On a drizzly afternoon in June, the Knights of Columbus council at St. Sebastian came to St. Clare in Lyndhurst, about 45 minutes away and where I had served as parochial vicar for the past three years to help pack up my belonging and move me south to Akron. St. Clare had been very good to me. The rectory there had been recently renovated and my room was very generous. It was one of two parishes in the diocese that still had a live-in who cooked and did laundry; Social Security and rising standards of living having all but wiped out the need for a person to find work in a rectory to make ends meet.
Though that rectory that stands out in the diocese as a very fortunate place for a priest to live, the St. Clare rectory was in the middle of the church and school parking lot as well as right off of one of the busiest roads in Cleveland: Mayfield Road. Mayfield is one of those magical roads on which you can find just about anything you might need with the exception of quiet and easy driving. Businesses on the East side of Cleveland gravitate to this road that stretches from Little Italy in the heart of Cleveland to the rich suburbs far out toward the rising sun. But that also means that it is a nasty tangle of traffic most of the day and being a main thoroughfare, if an emergency vehicle is going to be called to any place, it is going to go past St. Clare on the way there with sirens screaming.
One night, waking me from a deep sleep, the sirens made their usual racket becoming louder and louder as it neared the parish and then, at its peak, abruptly stopped instead of fading as it made its way past. I opened my eyes to find my room awash in blue and red flashing lights. Padding over to my window I saw a car turned over on the immaculate front lawn. Apparently someone had thought it a good parking spot but not wanting to mess up the lawn with tire tracks decided to park it on its roof. (Fortunately no one was hurt – or wouldn’t be until the next morning when the hangover and the clarity of what happened the night before set in.)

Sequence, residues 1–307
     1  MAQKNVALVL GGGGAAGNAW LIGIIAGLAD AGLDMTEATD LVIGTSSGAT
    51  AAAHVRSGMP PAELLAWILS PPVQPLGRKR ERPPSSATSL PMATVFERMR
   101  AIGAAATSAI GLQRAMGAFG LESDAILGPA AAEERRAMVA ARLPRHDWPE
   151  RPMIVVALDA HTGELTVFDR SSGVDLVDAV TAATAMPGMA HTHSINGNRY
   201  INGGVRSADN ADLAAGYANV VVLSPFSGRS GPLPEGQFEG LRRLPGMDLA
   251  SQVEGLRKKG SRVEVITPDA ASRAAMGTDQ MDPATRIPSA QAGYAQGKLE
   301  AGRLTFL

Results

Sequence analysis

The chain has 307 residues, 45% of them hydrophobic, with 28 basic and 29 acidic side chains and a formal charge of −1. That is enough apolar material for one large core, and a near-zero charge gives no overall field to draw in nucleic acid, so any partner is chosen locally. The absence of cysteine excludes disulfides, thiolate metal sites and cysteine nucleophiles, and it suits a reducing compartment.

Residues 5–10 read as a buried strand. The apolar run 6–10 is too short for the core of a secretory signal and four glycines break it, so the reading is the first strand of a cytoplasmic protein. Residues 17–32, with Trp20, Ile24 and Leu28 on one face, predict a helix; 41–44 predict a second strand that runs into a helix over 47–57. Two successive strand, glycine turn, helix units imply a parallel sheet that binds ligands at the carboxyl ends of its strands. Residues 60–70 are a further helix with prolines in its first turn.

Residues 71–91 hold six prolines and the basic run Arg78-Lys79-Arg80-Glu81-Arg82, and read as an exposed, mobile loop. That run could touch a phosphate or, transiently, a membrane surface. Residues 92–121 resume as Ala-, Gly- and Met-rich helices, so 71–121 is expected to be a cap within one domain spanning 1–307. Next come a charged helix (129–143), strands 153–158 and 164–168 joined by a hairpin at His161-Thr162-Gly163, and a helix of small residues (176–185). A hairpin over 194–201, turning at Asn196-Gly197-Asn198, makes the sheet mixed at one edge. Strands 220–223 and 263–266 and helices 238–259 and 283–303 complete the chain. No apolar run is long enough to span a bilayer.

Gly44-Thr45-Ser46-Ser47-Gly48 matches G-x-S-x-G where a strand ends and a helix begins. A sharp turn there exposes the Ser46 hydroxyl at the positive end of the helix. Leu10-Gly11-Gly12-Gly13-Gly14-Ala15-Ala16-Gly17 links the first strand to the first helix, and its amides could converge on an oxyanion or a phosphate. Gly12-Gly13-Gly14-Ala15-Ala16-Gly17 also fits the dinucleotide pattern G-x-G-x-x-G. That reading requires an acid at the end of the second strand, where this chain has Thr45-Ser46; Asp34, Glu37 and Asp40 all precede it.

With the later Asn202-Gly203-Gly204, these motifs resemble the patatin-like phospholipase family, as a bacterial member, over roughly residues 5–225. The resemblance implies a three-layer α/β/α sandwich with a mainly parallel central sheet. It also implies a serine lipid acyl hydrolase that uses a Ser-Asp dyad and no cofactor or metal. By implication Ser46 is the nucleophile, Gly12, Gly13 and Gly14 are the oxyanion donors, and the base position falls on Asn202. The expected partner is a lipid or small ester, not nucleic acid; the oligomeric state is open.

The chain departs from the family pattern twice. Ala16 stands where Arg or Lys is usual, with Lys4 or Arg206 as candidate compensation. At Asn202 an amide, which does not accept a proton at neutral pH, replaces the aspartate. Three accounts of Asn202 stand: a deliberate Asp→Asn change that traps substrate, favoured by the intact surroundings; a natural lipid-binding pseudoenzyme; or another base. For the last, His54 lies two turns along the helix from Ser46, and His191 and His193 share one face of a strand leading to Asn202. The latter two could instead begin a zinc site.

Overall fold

All the rectories that I had lived in previous to coming to live at St. Sebastian had been in the middle of a field of a tarmac parking lot. This was particularly evident at my first parish when car alarms were finishing their first blush of being standard equipment on cars. Gentlemen, and I use the term loosely, still thought it hysterical to wait until a female acquaintance walked by their car so they could set off the alarm from a distance and bend over laughing when the lady would screech. Neither the women nor I, listening to it for the umpteenth time in my room, found it the least bit funny.
Privacy, then, is always at a bit of a premium. I remember once, at St. Ambrose, I had been taking a nap, woke thirsty, and stepped out of the room to go downstairs to get a cup of water. The door was locked to keep well intentioned persons from coming in. After stepping out into the hall, the wind from an open window caught the door and slammed it shut locking the room up tight. It was one of those days that I wanted desperately to have a little alone time so I snuck downstairs in my stocking feet, hair mussed (having hair then) and clothes crumpled.
I butter knife was snuck out of the kitchen and I tried to jimmy the door open. First one person than another showed up to try to get me in my room. Soon there was a group of about seven people offering advice on how to get the door open. The handle was completely disassembled and still there was no gaining entrance. I snuck away, got an extension ladder and, in front of the entire school out for recess, climbed up to my window, slid in and announced, “I’m in my room! You can all leave now!” and then curled up on my couch to finish a nap.
Of course, having people around is also a blessing. When John Paul II died and I was in one of my wanting to be left alone moods, I got that same ladder out and climbed to the roof of the church to hang the black mourning banners. A strong wind came along and blew the ladder down trapping me in the roof (this was long before I owned a cell phone.) Fortunately a kind jogger came along and heard my cries for assistance and righted the ladder.
In contrast, the rectory at St. Sebastian is located in the middle of green lawns, hemmed in by the school and the church building. But no general parking lot comes near it. Across the brick avenue is a park named Elm Hill Park though everyone calls it Forest Lodge which is the building that stands on its grounds. The new building built by the WPA was named after the hunting lodge that once stood there when this part of Akron was considered way out in the country. All in all it is about as nice a setting one could hope for while still being inside the city limits and it was this house that the truck carrying all of my worldly goods drove up to using the curving brick driveway under a canopy of oak and maple trees to the rear entrance of the rectory.